By Show and Tell
By Byron Graham
By Jamie Siebrase
By Bree Davies
By Zoe Yabrove
By Zoe Yabrove
By Jamie Siebrase
By Emilie Johnson
Ray's day job in Colorado Springs had been at Budget Tapes & Records, which is how he met Haeseler, an avid music fan. The two were in the throes of punk and new wave (you didn't expect them to be into classical, did you?). "John Haeseler was buying all this cool music, and that's how we got to know one another," Ray recalls. Even back then, Ray was very interested in music packaging. So after landing in San Francisco, he used his experience to get a job at Tower Records in its pre-chain incarnation. "I applied to the San Francisco Art Institute the day I was fired at Tower," he says.
He completed his BFA in 1988 and went on to the graduate program, but dropped out after discovering the school was into the anti-beautiful trip. "I was doing encaustic paintings," Ray remembers, "and I wanted them to be beautiful, and that led to cruel and vicious critiques." But the artist has gotten the last laugh, considering that his career is more distinguished than those of most of his former teachers and fellow students.
While still attending SFAI, Ray got a job at City Lights Bookstore, a gig that led to many of his graphics commissions. Because of City Lights, he became the designer for the High Risk imprint, which put out a series of books that dealt with authors who had AIDS. "We would race to get something published before the author died," he says woefully. It was at the bookstore that Ray met Bowie. "We really hit it off and talked for hours," says Ray, telling the story of how a Bill Graham executive went to Bowie and asked him to autograph a Ray-designed poster as a birthday surprise for the artist; Bowie told the suit that he and Ray were friends, and he wanted Ray to autograph a poster for him! "My status at [Bill Graham Productions] changed considerably after that," says Ray with a guffaw.
All of these influences -- from his childhood in Germany to his early work in Colorado Springs, his record-store jobs, his experiences at SFAI and his work as a graphic designer -- come together in the spectacular collages that Ray displays at Rule. The show includes literally hundreds of pieces, many on paper, others on board and canvas.
On the south wall of the gallery, Ray has created an installation called "Wall of Sound" that's made up of nearly 500 collages on small sheets of paper, which are hung end-to-end in what is called library style. The collages meander over the building's structural supports, creating a wave. These pieces were quickly and casually done, with Ray using images cut out of magazines. But the pictures in them are mostly obscured, the fragments used almost exclusively as abstract shapes.
The paper collages are essentially sketches for the ones on board and canvas, and scores of board collages are displayed salon-style on the north wall. In these, Ray uses papers that he decorated with paint and transfer printing, instead of appropriating the ready-made colors and forms found on magazine pages. Although all the collages are connected stylistically, here he employs an array of forms, including ovals, stripes and some shapes that are indescribable.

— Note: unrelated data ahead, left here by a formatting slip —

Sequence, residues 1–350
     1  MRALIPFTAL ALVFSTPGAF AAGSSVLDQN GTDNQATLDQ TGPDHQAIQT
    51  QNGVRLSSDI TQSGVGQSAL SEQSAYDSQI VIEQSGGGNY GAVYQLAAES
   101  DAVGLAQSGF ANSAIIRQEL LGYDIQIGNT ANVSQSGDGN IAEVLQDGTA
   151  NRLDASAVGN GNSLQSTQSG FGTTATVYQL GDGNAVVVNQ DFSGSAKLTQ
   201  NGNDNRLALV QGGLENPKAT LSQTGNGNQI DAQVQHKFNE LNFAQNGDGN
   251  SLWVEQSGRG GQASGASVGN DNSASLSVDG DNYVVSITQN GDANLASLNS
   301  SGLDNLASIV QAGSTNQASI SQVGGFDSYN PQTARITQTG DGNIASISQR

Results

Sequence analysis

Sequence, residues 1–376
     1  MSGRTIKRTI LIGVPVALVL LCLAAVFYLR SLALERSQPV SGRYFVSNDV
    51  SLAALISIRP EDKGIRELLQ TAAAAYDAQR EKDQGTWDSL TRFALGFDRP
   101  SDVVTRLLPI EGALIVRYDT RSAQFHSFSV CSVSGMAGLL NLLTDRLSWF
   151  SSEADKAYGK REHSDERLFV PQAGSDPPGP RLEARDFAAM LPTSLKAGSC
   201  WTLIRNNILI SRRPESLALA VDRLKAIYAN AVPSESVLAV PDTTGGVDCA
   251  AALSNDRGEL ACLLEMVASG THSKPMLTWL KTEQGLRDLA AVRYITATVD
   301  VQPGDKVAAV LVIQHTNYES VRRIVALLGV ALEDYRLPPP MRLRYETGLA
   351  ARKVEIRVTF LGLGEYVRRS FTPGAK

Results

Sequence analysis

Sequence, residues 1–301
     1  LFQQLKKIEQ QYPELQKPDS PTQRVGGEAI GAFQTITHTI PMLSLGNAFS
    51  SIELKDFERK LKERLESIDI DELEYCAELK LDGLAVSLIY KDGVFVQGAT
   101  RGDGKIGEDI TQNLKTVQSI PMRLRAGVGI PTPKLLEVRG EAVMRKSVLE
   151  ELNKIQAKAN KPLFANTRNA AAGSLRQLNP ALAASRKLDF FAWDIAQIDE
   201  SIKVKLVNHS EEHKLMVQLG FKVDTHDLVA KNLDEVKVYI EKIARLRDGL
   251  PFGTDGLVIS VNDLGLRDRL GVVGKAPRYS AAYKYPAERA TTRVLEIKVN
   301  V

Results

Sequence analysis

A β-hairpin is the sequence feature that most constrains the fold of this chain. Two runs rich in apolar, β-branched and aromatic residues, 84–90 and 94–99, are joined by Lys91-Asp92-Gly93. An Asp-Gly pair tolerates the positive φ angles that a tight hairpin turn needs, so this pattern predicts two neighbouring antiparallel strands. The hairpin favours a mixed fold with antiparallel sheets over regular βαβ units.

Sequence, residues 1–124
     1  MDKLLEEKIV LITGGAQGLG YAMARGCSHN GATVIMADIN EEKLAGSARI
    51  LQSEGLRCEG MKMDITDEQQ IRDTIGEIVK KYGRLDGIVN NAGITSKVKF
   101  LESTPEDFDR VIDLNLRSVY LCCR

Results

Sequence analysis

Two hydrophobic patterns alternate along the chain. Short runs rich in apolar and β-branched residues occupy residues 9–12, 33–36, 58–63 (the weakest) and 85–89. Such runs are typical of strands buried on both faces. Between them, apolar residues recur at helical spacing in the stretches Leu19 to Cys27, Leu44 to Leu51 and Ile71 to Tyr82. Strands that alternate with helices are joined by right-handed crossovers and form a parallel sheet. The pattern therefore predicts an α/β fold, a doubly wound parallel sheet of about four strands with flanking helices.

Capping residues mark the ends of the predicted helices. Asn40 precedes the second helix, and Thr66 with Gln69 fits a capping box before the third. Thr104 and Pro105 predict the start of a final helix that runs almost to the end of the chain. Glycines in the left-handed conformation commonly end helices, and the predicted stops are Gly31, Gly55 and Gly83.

Most of these pieces have a mid-century, modernist feel, but Ray chafes when people call them retro -- and I think he's right in denying that label. Rather than looking retro, they actually have a neo-modern character and couldn't have been done until now. One of the aspects that makes them look new, and not old, is the high-gloss, poured-resin surface they share.
Ray has an instinctual sense for composition and a seemingly inexhaustible talent for great formal relationships. His skill as a colorist is remarkable. His color combinations are incredibly successful and unpredictable: yellow paired with pink, acid green with sky blue, and on and on. Many have called his colors psychedelic, and that's not too far off. Nor is it surprising from an artist working in San Francisco who also does rock posters.
The three large pieces on canvas, although obviously related to the paper collages and the ones on board, differ in several ways. While the other pieces are abstract, these are what Ray calls landscapes. They're not landscapes in the traditional sense, though, and instead are highly abstracted botanicals. In "Agglutinatus," a line of imaginary plants rises from the bottom of the picture. Much to the chagrin of Ray and gallery director Robin Rule, two of the large paintings, "Rhus Nocturnum" and "Nucifer," were shipped separately from the rest and did not arrive in time for the opening. That's really too bad, because they are among the greatest things in the show.
The influence of Venetian glass, particularly Flavio Poli's designs, Mexican art and even German kitsch is easy to see in the canvas works. These really look psychedelic, even more so than the smaller abstracts. Because the canvas resists the poured resin, Ray has sealed these pieces in matte varnish, which creates a very different surface effect that allows the character of the paper to show through.
It would be impossible to overstate how good Rex Ray is, because it's fabulous. Trust me, you don't want to miss it. And if you went to the opening, go back just for those last two canvas pieces.
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